Here’s another extract from the project I’m currently working on, ‘My Story, Mostly’. This memoir was intended originally to be a private missive for Family Members who might like to know more of what happened in my life, especially those things that may have affected their own lives, like genetic flaws. As it happens, some of my other followers have expressed interested in my flaws too, so I figured I’d offer some advance glimpses of ‘My Story’ in this blog.
This autobiography is not written in the traditional chronological format, more thematic: What were the top songs of my formative years (I chose 1962/63 as the reference point rather than the date of my birth (1947), which, as far as I can tell, had very little effect on me, though it may have had a large effect on my parents)? What are my favourite things (these are a few of my favourite things???). This means the memoir/autobiography is trivial(!) in that it is loaded with information and observations of a life in the second half of the 20th century.
So here is one excerpt, taken from the chapter, Favourite Things, in this case, horse racing.
I developed an early interest in horse racing because my dad had an interest in horse racing. Not sure where that started but he used to watch the ponies running at Fort Erie Racetrack of a sunny summer afternoon in the early 1960s when we lived in Welland Ontario. A few times he took me with him. No doubt for him an afternoon at the track represented a business expense entertaining a customer, but to me it was pure excitement, especially to stand by the rail and see those thoroughbreds thunder by.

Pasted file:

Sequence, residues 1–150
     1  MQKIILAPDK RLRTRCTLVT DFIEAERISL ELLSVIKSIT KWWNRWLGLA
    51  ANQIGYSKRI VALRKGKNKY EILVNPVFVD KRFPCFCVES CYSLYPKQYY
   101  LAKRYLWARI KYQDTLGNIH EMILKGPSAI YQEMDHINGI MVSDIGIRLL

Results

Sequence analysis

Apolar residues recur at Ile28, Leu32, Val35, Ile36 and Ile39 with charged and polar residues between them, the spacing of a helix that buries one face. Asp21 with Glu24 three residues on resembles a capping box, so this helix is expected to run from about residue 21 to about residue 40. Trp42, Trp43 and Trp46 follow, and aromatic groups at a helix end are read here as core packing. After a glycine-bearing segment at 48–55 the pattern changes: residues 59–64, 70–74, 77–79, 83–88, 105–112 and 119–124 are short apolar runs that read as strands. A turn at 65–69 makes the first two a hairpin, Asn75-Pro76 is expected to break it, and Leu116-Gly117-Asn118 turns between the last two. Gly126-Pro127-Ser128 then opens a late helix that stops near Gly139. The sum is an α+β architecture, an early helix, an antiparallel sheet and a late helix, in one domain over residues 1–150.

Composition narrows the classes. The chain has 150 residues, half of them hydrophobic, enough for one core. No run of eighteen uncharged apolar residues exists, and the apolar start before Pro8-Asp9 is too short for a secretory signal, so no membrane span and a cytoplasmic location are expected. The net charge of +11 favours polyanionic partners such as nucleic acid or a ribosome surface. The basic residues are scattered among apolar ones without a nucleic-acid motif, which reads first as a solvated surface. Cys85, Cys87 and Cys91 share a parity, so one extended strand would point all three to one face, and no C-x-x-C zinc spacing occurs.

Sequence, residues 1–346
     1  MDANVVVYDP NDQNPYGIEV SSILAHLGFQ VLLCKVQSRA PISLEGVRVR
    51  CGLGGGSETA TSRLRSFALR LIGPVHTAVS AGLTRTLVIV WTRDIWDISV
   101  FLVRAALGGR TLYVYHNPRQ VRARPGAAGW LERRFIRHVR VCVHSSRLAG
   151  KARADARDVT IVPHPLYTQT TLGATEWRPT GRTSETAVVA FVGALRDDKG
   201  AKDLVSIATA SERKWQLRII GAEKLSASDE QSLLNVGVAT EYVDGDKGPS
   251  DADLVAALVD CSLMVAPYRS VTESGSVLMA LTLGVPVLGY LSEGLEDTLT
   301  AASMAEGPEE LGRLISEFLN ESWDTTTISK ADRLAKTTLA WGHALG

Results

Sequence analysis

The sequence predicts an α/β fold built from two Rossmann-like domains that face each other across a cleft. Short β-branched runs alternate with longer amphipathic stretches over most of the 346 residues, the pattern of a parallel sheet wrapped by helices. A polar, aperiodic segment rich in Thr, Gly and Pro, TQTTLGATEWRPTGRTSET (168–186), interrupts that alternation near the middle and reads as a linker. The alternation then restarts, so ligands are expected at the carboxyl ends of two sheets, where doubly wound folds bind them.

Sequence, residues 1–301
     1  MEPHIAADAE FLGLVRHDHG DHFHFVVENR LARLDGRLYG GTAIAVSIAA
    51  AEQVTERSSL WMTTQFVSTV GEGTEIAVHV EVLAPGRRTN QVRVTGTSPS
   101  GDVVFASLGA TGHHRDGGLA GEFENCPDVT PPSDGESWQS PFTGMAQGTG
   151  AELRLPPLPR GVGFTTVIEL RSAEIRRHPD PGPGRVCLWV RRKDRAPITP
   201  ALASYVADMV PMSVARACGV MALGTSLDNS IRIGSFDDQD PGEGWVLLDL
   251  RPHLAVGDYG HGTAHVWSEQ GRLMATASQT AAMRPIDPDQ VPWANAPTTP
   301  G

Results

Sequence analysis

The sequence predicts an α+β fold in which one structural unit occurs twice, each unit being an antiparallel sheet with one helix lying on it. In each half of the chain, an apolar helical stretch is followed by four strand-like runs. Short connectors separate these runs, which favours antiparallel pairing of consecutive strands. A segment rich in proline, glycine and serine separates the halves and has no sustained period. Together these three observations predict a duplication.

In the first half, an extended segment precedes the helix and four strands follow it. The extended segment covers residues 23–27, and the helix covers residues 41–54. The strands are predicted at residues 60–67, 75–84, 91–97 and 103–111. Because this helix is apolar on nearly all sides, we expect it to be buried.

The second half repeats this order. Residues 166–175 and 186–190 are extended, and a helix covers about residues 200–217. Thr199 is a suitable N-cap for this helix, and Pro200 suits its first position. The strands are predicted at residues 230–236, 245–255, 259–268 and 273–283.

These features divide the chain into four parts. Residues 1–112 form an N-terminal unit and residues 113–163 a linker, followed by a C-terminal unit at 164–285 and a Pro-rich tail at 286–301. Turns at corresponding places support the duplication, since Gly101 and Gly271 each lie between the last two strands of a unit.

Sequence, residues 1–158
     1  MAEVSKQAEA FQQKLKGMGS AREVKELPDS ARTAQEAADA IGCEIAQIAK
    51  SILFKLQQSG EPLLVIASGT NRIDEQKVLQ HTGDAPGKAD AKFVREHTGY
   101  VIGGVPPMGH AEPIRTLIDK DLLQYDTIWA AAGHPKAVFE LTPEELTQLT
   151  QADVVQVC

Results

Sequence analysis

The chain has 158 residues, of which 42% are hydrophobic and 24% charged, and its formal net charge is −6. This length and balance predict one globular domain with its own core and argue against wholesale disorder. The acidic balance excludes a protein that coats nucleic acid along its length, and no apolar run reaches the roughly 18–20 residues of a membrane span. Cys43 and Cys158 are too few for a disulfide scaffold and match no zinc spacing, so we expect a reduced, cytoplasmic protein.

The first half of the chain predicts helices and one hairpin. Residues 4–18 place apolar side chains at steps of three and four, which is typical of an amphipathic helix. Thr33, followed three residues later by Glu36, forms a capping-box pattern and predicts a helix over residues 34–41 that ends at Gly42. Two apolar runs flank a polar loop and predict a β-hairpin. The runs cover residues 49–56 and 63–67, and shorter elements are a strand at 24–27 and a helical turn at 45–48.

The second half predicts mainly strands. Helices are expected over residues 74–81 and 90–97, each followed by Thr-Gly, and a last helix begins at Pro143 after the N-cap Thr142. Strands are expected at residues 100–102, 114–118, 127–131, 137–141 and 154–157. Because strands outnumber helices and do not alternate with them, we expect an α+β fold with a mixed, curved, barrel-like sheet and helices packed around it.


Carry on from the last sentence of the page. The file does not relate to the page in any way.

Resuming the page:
But the interest in horse racing went beyond Fort Erie, it extended to Churchill Downs. In 1964 it seems all of Canada was cheering when a little Canadian colt named Northern Dancer won the Kentucky Derby. We watched the race on TV, trembling with excitement as this little horse that could streaked past all those American 3-year-olds to win ‘The Run for the Roses’, setting a track record for the mile and a quarter race of 2:00 minutes flat. Not only that, we thrilled to a repeat performance two weeks later as ‘The Dancer’ danced to victory in the Preakness Stakes, the second leg of the American Triple Crown. Northern Dancer was now on track to claim this prestigious prize, last accomplished to that point in 1948, by winning The Belmont Stakes. But it was not to be. The mile and a half heartbreaker was just too much for the Dancer and he finished third, not able to close on the two fresh horses ahead of him. It was a national let-down but still a source of immense Canadian pride. Even if for a horse!
But that wasn’t the end of it for me. Ever after that Triple Crown season of 1964 I always looked forward to this annual spectacle of thoroughbred horse racing. I began to think of the first Saturday in May as the real beginning of Spring, maybe even Summer. (Recall that in Ottawa, April can be cool, wet and unpredictable – the cruelest month; by the first of May we can begin to believe again.) Derby Day got to be an annual family tradition: gathering at the house late afternoon of race day, drinks and hors d’oeuvres, post time, and they’re off! Followed by burnt steaks (first barbeque of the season too.) Then it was two weeks later repeat the party for The Preakness, and then three weeks after that, the Belmont Stakes, the first or second Saturday in June. By then, surely, summer is nigh.